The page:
• The authors point out that results may have been influenced by the cultural attitude of Japanese patients and poor support systems that are seen to exist in Japan for newly diagnosed patients. These patients tend to not seek professional assistance, so the magnitude of differences in results may not be the same for other cultural groups in which professional support is more available or acceptable.
  • There was no credible evaluation of actual communications between nurses and patients or between physicians and patients that may have also influenced findings. In addition to study nurses, nurses in charge who had not been trained were always present at physician consultations and were involved in patient support afterward. There is no way to tell if charge nurse interactions were different between groups, changed over time, or were influenced by interaction with CST-trained nurses.

Nursing Implications:

Study findings support the idea that providing information, support, and empathic responses to patients can positively influence patient coping and emotional distress, and suggest that nurse training in communication skills of this nature can be useful. Further research in this area needs to demonstrate actual differences in communications between nurses and patients as a result of such training. It would be useful to see if such training can be beneficial in various groups of nurses based on differences in nursing education level and experience.

Morasso, G., Caruso, A., Belbusti, V., Carucci, T., Chiorri, C., Clavarezza, V., . . . Di Leo, S. (2015). Improving physicians' communication skills and reducing cancer patients' anxiety: A quasi-experimental study. Tumori, 101, 131–137. 

doi: 10.5301/tj.5000230
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Study Purpose:

To determine the effectiveness of a physician-centered communication skills training program on anxiety levels in patients with cancer. A three-phrase, multicenter, quasi-experimental study was used.

Intervention Characteristics/Basic Study Process:

The intervention phase of the study invited physician participants in the treatment group to attend a skills program to improve communications knowledge and strategies. The intent of the communications training was to improve communication with patients with cancer and families. The training sessions, taught by psycho-oncologists, were held at each study center and were scheduled in three-hour sessions for three weeks to total nine hours of training. Each physician participant was emailed relevant scientific papers (two published, one unpublished) five days in advance of each three-hour session. The treatment group physician participants were asked to read the materials in preparation for sharing during the training. Each session included didactic, experiential learning, and group discussion including clinical cases and role play. There was no communications training for physician participants from the control group.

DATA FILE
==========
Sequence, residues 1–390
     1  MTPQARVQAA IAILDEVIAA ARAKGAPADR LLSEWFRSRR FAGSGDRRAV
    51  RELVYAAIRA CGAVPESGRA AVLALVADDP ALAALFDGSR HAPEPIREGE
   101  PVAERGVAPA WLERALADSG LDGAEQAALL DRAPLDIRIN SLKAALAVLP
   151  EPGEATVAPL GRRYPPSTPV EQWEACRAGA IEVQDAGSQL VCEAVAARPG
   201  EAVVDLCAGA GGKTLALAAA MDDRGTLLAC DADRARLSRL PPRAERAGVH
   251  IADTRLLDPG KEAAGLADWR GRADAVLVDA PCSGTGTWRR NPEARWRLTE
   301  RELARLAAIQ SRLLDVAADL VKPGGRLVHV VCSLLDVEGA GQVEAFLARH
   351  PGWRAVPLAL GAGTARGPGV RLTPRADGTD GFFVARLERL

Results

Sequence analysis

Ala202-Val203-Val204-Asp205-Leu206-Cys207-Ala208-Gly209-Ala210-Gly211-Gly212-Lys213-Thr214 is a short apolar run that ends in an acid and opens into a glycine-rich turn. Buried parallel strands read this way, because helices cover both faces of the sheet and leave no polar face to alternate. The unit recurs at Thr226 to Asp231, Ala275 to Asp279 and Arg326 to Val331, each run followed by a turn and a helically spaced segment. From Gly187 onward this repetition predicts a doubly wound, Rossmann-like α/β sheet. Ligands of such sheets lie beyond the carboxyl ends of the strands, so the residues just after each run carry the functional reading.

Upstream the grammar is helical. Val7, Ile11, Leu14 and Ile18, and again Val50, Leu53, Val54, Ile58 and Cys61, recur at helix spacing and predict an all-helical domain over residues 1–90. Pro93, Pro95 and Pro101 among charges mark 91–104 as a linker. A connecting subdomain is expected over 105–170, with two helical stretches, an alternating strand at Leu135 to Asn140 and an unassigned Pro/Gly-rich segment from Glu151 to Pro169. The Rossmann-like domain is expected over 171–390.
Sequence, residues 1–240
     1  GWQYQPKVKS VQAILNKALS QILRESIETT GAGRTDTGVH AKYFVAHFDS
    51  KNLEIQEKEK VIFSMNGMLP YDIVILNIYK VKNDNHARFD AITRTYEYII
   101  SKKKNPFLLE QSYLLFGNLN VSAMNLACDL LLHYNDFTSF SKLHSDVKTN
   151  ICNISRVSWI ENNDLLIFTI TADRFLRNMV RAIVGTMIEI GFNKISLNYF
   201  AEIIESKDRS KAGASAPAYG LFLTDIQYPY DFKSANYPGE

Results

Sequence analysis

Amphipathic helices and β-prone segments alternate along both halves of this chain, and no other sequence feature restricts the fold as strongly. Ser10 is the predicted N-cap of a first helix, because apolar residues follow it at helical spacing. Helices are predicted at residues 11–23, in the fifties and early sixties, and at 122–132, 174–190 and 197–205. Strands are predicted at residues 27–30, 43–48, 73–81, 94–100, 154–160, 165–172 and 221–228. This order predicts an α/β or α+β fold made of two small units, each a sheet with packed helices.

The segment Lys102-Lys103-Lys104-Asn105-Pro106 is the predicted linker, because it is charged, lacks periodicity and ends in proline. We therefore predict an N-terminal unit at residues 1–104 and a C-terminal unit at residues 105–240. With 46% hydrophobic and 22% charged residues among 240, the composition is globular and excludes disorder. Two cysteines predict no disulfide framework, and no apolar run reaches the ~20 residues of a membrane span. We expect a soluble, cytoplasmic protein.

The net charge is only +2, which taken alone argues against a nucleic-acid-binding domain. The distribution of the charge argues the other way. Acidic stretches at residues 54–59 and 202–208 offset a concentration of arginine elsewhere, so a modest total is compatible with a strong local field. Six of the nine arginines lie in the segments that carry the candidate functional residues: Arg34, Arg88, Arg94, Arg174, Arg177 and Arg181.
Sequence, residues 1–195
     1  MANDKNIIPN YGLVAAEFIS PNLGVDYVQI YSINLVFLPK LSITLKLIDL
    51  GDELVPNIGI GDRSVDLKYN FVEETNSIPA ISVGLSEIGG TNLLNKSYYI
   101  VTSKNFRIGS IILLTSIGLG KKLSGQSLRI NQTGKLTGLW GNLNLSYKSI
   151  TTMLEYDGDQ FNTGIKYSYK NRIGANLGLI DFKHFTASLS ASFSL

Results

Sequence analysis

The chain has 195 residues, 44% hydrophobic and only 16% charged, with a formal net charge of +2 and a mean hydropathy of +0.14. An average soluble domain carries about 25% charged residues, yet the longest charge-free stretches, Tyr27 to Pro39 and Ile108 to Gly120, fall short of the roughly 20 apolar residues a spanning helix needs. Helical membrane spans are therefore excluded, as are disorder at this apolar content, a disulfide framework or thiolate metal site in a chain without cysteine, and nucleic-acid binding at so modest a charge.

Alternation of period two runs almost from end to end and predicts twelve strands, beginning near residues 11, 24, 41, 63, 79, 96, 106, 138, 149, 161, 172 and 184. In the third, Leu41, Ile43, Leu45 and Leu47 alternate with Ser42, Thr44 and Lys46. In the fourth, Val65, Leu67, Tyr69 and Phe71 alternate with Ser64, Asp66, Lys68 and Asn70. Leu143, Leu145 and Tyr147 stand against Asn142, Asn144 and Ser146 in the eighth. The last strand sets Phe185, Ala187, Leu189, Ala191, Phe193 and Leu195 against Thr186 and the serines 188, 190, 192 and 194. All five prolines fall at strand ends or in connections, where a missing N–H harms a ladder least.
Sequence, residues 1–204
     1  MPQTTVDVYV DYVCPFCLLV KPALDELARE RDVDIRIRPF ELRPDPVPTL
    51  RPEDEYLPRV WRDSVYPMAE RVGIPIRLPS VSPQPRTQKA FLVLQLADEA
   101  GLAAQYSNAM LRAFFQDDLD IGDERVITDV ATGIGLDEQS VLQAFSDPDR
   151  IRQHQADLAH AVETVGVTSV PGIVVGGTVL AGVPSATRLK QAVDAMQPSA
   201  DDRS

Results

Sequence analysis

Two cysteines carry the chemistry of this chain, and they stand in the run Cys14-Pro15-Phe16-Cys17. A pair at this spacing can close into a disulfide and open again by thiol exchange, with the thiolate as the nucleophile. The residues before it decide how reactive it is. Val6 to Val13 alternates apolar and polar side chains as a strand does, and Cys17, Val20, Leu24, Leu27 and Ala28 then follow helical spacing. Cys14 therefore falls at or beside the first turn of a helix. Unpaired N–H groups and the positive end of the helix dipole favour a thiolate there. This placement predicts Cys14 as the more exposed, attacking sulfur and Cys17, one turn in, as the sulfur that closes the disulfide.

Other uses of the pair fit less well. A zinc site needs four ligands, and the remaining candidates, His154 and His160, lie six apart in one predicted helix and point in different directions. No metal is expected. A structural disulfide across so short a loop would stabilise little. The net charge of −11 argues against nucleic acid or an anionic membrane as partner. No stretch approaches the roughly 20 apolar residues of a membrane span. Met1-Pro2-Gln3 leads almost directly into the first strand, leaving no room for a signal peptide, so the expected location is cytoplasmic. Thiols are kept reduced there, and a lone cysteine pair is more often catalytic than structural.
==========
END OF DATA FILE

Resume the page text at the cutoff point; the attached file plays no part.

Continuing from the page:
Sample Characteristics:

  • N = 36 physicians (17 in the treatment group and 19 in the control group) and 339 patients (174 in the control group and 165 in the treatment group)    
  • MEAN AGE = physician: 46.64 years (SD = 7.9), range = 38.74–53.64; patient: 61.2 years (SD = 13.61), range = 47.59–74.81
  • MALES: physicians, 47%; patients, 45%; FEMALES: physicians, 53%; patients, 55%
  • KEY DISEASE CHARACTERISTICS: None, intervention was focused on physicians. Patients seen by control and intervention physicians varied widely in age, cancer type and cancer stage/prognosis.
  • OTHER KEY SAMPLE CHARACTERISTICS: Physicians were oncologists, hematologists, with a median of 15 years of professional experience, from northern, central and southern Italy, equally. Nineteen had no prescribed training in physician-centered communication; 17 attended training. There was no difference in pre-consultation anxiety scores between the 339 patients enrolled in the two groups. 

Setting:

  • SITE: Multi-site    
  • SETTING TYPE: Multiple settings  
  • LOCATION: Italian oncology practices

Phase of Care and Clinical Applications:

  • PHASE OF CARE: Multiple phases of care
  • APPLICATIONS: Pediatrics, elder care, palliative care 

Study Design:

Multi-center, quasi-experimental, three-phase study. Of note, the phases of the study, as described, are not phases as used in North American scientific study. Rather, they are components of the methodology. Specifically, the authors describe phase 1 as recruitment, phase 2 as intervention, and phase 3 is evaluation.

Measurement Instruments/Methods:

  • Physician demographics and professional training
  • Patient demographics and communication documentation (physician self-report)
  • Anxiety in patients was measured by the Psychological Distress Inventory (PDI) and completed before the consultation.
  • STAI-S (State-Trait Anxiety Inventory-State) was completed before and after the consultation.

Results: